Am upset. Lost a baby in the pediatric ICU today. Another victim of the dengue epidemic. No matter how much we all tried, the baby couldn’t be saved. She was perfectly fine last night. The platelets had plummeted by morning and then by mid-afternoon, shewent into shock. The baseline ECG came as a straight line, still we tried cardioversion, CPR hoping that a miracle would happen.
It’s too painful, that even a year later, the whole episode will remain etched in your mind. You will remember every scene even the tiniest detail to the dot. This is not the first time, I am seeing death; but each time a patient dies; something goes off in me. Death is indeed a significant part of life, but losing someone, anyone is painful.
Being in my profession, we medical personnel – doctors and nurses; declare death often; but inside it’s a nightmare. Sometimes, you are so helpless, that death is inevitable but still nightmares follow and you are taunted by the thoughts of “what if…” You know it’s not anyone’s fault but it’s life. You wish that you had to never deal with death on a regular basis. You pray and hope that it never happens again. And if it does, you silently offer a prayer for courage, leaving everything in His hands. These are some things that time can never help you cope with and these memories will stay for your entire lifetime.
She was just ten years old when leukemia had robbed her of her life. Anna was one of my best friends from my kindergarten days. Growing up together, we were almost like twins. One day, during playtime at school, she began to have a nosebleed, all of a sudden. We didn’t give it much thought. But, two more episodes had happened at home, which is when her mother took her to the family doctor. Leukemia is what he had said. “A type of blood cancer. She had more of an acute type, ALL type is what he had told and something about Philadelphia. It all made no sense to me. Chemotherapy was the answer. Bone transplant was an explorable option but not necessarily hundred percent successful .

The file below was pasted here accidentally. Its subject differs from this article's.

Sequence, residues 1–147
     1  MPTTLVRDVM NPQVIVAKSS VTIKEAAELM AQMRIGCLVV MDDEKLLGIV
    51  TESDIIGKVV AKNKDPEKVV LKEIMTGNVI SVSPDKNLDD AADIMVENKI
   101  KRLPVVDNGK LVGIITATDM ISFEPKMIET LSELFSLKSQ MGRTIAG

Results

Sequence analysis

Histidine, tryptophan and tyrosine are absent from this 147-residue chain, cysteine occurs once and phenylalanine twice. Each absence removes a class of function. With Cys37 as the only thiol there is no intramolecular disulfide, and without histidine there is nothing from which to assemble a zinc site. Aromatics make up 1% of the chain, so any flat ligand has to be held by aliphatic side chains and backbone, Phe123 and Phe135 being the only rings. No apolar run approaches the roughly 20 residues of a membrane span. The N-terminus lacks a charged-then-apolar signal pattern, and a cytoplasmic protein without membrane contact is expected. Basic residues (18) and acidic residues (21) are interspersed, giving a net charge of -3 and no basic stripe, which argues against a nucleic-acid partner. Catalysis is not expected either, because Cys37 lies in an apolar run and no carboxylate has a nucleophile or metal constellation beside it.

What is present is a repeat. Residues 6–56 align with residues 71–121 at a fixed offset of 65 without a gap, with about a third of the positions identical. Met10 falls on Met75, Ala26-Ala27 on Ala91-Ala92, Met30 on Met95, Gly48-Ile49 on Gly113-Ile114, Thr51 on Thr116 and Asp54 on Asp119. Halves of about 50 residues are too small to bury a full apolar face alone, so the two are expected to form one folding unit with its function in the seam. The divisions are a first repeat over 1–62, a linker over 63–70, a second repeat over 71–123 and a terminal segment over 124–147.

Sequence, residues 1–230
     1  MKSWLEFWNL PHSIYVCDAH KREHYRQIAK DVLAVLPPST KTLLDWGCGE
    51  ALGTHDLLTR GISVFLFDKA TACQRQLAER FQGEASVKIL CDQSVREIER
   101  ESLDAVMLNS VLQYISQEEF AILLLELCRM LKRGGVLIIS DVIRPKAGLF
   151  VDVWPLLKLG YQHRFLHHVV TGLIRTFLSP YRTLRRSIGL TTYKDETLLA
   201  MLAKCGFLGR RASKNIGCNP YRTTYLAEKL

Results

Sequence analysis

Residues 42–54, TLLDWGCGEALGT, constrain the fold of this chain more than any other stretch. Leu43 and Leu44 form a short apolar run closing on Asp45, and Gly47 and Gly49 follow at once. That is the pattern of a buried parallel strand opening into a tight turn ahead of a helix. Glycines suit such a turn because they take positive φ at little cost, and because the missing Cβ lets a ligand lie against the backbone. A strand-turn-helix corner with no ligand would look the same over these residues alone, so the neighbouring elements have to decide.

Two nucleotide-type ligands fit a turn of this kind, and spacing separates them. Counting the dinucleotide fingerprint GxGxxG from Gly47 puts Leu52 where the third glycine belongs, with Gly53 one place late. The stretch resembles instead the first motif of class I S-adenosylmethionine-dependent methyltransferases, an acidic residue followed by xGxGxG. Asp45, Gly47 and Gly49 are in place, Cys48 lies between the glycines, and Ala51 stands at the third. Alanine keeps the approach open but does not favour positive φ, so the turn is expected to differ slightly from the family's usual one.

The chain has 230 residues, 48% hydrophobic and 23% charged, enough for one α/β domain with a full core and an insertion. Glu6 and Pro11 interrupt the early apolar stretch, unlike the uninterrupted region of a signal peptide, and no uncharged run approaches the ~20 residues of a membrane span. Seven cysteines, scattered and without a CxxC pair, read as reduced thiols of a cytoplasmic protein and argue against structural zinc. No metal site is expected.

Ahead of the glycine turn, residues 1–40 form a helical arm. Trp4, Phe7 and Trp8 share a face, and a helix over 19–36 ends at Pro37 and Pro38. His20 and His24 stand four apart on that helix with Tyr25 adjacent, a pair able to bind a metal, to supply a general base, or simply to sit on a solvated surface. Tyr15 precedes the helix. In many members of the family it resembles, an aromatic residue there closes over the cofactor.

I was stunned for words when she broke the news to me. I still remember the day. It was raining heavily and we were holed up in the tree house at her place- our secret den. I was too shocked to cry. She sat there waiting to see my response. I had none. I was speechless for words. Then we both just cried, not bawling but silent tears. And I promised her that she was not alone in this battle but we are in it together.
She started her chemotherapy within a week’s time. Initially I used to stay with her at the hospital. We used to talk for hours, read to her, or simply listen to music. Slowly her sessions started to increase in duration and her doctor felt it was better if she was shifted to a more intensive therapy course. This meant longer stay at the hospital. Slowly, she started having the side-effects of the medication, loosing her hair, eating less and she slowly began to feel too tired to even sit up. I cried when I saw how frail and tiny she became. But she never stopped smiling. She loved to sketch while sitting by the window side. I used to come daily to see her. She used to tell how scared she was feeling, but somehow she found the courage to move on.